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Applying the direct quadrature method of moments to improve multiphase FCC riser reactor simulation

Chemical Engineering Science
Publication Date
DOI: 10.1016/j.ces.2012.04.036
  • Petroleum
  • Multiphase Reactions
  • Population Balance
  • Catalysis
  • Dqmom
  • Fcc Riser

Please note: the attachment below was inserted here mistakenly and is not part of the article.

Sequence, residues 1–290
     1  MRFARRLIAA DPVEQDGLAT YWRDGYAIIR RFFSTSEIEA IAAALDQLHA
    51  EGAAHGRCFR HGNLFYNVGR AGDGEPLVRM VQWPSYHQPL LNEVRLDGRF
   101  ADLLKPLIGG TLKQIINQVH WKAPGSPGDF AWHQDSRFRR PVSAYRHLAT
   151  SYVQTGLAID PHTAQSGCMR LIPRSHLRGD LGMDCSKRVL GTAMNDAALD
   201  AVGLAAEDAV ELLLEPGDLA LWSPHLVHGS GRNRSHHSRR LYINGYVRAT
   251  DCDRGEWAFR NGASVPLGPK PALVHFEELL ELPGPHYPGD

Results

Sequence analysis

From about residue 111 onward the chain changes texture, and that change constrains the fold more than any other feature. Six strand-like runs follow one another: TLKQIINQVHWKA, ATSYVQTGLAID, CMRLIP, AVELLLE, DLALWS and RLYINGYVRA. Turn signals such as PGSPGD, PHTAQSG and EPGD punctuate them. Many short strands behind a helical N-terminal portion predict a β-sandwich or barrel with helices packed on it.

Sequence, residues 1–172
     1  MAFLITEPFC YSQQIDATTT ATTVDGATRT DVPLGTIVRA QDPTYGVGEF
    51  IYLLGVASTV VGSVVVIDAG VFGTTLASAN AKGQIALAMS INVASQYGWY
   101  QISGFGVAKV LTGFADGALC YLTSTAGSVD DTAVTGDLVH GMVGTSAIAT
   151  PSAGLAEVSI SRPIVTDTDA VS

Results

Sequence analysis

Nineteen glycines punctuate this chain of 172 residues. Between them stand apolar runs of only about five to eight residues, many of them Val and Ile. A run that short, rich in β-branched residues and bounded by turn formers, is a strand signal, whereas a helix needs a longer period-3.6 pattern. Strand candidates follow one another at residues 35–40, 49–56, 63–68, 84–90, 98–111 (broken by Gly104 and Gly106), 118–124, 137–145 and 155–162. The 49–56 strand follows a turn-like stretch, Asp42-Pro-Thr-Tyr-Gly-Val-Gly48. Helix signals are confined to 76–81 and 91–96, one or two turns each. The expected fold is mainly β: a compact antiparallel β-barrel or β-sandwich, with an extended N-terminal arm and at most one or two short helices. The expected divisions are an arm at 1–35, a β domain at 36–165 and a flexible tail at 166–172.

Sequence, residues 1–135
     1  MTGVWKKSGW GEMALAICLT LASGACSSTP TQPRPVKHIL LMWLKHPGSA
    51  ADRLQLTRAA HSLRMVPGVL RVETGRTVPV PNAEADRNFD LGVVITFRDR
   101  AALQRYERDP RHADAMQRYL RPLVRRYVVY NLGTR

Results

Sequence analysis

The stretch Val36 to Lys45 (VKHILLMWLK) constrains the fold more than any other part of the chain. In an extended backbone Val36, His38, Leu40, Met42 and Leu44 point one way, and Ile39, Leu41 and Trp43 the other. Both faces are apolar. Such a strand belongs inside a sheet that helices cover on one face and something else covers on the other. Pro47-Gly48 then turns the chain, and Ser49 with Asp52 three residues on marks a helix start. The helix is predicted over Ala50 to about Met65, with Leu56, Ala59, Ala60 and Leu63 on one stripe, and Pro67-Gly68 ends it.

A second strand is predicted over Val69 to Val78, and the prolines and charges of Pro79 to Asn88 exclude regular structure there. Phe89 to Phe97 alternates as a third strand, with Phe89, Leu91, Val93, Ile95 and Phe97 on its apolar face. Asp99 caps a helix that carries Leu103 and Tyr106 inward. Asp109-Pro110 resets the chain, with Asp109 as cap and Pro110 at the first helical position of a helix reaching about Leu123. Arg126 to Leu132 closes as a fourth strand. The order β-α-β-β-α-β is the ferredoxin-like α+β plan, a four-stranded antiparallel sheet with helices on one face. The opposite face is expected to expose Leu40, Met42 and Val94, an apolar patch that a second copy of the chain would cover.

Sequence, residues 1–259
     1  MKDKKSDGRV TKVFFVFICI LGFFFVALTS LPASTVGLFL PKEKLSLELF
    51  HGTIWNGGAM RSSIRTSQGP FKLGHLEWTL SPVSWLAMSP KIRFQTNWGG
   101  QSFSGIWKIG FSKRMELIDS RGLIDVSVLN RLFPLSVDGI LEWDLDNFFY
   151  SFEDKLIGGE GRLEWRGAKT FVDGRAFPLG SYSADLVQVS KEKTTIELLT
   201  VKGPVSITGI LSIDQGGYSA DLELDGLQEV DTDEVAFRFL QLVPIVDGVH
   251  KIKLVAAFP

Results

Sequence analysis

Abstract The hydrodynamic behavior of dispersed gas–solid flow is simulated for an industrial-scale Fluid Catalytic Cracking (FCC) riser using the multi-fluid approach, with complementary information from the Kinetic Theory of Granular Flow (KTGF) for the transport coefficients of the solid phase. A continuous Particle Diameter Distribution (PDD) is considered for the solid phase catalyst. The three-dimensional gas–solid flow is considered to be non-isothermal and turbulent. The hydrodynamics of the riser reactor is coupled to a 12-lump FCC kinetic model to predict the influence of a polydisperse distribution on gas–solid reactive flow. The kinetic model involves lumped species consisting of paraffins, naphthenes, aromatic rings, and aromatic substituent groups in medium and heavy fuel oil fractions and includes the effect of aromatic ring adsorption and catalyst deactivation due to coke formation. In this study, a Computational Fluid Dynamics (CFD) model using the Eulerian–Eulerian multi-fluid approach and a Population Balance Model (PBM) are coupled. The hydrodynamic equations are solved by means of a finite volume method, while the population balance equations are solved using the Direct Quadrature Method of Moments (DQMOM). The moments of the solids phase velocity are modeled using classical kinetic theory, while the moments of the PDD are described using quadrature weights and abscissas. To account for the catalyst PDD, three different approaches namely simple, surface-averaged and volume-averaged coupling have been attempted. The latter two approaches, assuming surface and volumetric reaction kinetics respectively, predict with a good precision the yields of the different product families obtained in an industrial FCC unit showing a slight improvement from a conventional heterogeneous reactor model with a monodispersed distribution.

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